My Thoughts: I feel really weird endorsing so many action films where “horror” is at least part of the genre description, but Daybreakers has earned my interest. It seems to be a clever, unique and incredibly well-imagined vampire premise and it interested talents such as Ethan Hawke, Willem Dafoe and Sam Neill (plus the early reviews haven’t hurt). The Spierig brothers might not have many good “from the makers of” taglines to add to the marketing materials, but based on early buzz, they might not need it. (View Trailer)

2. Youth in Revolt (Jan. 8)


The Word: Michael Cera starring in an indie-style romantic comedy where he plays a loser trying to get a really cute girl will probably get most movie fans to role their eyes. This again? But so far, Cera has earned some praise for his starring role in this film. He plays Nick Twisp, but he invents an alter-ego for himself named Francois Dillinger to give him the confidence to make advances on local trailer park cutie Sheeni Saunders (newcomer Portia Doubleday). In supporting roles are Ray Liotta, Zach Galifianakis, Justin Long and Steve Buscemi. Charlie Bartlett screenwriter Gustin Nash adapted the cult-fav book by C.D Payne.

My Thoughts: Based on positive early reviews and my own inclinations about this movie based on the trailer back when it was supposed to be released in October, I’m very confident Cera can prove that he’s more than just the nerdy, quiet, weird-looking, virginal character. I like the supporting cast and the odd vibe I’m getting from the movie. Plus, having never read the book, I will have zero attachment to the finer plot details, which is always a plus. I’m also ready to believe in Portia Doubleday because how can you suck with a name like that. This film could make her a quick star if early buzz about this film is true. (View Trailer)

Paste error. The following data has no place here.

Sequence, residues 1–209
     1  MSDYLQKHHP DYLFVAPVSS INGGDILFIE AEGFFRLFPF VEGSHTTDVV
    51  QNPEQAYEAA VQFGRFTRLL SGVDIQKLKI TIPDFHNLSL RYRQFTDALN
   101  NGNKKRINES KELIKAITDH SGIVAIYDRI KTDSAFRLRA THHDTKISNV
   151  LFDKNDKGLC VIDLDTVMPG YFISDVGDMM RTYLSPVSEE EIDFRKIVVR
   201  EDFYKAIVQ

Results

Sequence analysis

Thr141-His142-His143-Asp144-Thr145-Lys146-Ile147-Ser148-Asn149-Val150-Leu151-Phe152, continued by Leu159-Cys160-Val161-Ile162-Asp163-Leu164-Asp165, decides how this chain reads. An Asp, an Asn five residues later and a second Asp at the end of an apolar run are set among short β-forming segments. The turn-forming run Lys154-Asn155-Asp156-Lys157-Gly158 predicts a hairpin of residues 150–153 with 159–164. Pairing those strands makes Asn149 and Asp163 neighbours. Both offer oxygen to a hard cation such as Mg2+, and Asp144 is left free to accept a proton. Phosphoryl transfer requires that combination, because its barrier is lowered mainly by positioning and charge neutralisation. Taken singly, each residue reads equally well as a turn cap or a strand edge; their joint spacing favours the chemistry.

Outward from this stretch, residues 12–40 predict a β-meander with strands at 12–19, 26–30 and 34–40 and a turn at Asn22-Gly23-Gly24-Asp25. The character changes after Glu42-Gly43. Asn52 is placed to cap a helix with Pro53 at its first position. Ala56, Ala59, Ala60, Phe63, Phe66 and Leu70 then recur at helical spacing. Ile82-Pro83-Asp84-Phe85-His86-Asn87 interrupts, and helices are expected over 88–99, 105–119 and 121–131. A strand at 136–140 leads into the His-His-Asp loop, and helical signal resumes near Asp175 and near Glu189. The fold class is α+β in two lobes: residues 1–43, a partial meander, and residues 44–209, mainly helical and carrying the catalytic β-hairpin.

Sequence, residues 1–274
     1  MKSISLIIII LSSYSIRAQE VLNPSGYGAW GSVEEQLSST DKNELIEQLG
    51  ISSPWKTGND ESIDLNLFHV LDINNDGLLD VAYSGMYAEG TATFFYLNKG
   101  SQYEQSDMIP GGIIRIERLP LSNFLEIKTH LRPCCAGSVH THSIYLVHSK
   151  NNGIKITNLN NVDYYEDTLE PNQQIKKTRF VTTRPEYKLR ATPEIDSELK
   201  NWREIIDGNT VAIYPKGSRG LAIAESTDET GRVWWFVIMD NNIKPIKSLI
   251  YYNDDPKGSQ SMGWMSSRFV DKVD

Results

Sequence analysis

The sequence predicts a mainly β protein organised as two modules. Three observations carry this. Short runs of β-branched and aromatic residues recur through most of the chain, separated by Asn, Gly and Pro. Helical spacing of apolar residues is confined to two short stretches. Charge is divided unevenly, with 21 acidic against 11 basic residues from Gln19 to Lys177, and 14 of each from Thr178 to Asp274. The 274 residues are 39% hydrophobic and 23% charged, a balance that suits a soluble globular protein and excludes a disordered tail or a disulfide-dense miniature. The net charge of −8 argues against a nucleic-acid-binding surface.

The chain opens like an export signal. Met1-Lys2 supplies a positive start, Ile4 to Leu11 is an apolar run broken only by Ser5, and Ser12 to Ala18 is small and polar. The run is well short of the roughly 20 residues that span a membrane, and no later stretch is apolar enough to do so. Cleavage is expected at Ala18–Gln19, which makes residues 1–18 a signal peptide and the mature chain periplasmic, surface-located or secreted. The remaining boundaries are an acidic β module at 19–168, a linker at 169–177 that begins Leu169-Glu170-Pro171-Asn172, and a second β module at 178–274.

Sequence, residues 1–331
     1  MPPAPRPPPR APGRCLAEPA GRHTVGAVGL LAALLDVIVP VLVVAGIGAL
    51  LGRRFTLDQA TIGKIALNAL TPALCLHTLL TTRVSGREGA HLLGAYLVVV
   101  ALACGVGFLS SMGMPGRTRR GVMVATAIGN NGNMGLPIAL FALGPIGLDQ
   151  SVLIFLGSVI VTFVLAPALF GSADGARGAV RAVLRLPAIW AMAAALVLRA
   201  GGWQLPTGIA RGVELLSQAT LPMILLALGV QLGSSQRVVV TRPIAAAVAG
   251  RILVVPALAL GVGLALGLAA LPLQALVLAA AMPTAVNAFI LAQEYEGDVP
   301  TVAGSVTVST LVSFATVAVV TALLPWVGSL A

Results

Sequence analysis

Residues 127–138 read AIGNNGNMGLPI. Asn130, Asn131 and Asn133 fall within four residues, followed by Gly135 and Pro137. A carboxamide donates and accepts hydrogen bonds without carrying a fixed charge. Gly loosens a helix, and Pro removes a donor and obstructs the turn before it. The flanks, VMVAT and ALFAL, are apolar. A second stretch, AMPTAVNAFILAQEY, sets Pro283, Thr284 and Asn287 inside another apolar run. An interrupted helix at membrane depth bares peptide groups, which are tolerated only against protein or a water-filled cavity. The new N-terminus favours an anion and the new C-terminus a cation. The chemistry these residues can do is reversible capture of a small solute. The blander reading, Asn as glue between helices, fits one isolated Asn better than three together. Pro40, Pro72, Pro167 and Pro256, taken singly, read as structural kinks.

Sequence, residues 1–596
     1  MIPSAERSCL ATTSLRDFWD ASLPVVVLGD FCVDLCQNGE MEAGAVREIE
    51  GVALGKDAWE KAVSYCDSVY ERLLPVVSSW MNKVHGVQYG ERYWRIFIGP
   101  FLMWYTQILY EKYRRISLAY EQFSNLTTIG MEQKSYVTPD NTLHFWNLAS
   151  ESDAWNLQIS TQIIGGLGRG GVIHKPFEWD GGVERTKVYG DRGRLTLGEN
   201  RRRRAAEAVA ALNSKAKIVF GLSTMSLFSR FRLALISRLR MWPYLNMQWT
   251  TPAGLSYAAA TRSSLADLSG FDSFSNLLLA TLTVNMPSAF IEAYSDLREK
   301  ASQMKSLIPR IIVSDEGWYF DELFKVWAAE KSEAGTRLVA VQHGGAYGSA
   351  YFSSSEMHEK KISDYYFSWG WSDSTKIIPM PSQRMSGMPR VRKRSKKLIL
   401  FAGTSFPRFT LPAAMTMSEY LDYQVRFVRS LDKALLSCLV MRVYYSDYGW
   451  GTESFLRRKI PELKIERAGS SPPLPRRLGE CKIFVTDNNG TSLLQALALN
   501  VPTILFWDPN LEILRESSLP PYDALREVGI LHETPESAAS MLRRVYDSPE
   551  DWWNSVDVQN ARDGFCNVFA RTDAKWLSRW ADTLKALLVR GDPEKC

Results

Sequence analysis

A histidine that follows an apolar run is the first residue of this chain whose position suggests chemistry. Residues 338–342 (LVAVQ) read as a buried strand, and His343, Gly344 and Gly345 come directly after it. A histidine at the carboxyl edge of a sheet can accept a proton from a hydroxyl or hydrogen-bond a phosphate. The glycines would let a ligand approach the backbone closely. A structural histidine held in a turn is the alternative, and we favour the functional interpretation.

1. Shutter Island (Feb. 19)


The Word: Movie fans everywhere were completely bummed that we’d have to wait an extra four months for Shutter Island, the newest Martin Scorcese collaboration with Leonardo DiCaprio, who is posed for a big year with Chris Nolan’s Inception coming out in July. Although creepy period horror thrillers don’t strike me as Scorsese material, I’ve no doubt the direction of this film will be flawless even if its plot leaves something to be desired. Based on the Dennis Lehane novel (whose books have resulted in great movies in Mystic River and Gone Baby Gone), Shutter Island is about two U.S marshals (DiCaprio and Mark Ruffalo) who visit said island to investigate the disappearance of a murderer who escaped the loony prison on the island. From what the trailer lets us gather, they’re in over their heads.

My Thoughts: The move from October to February does not shake my confidence over a Scorsese picture. It might not end up being one of his best films, but it just has to be a quality film from a production aspect. There’s nothing here that points to it being worth passing up once the Valentines Day hoopla is over with. If it means anything, screenwriter Laeta Kalogridis might have produced NBC flop The Bionic Woman written some stinkers in Alexander and Pathfinder, but she is part of the writing team for James Cameron’s next movie, Battle Angel, which makes her a disciple, I think. (View Trailer)

So that’s my Top 10. I suppose you feel mildly alienated that I’ve included so many horror/action/thriller-related films in my Top 5, but I’ve also offered my thoughts on a few other films that didn’t make my list (and only one is horror). For those, however, you’ll have to check back tomorrow!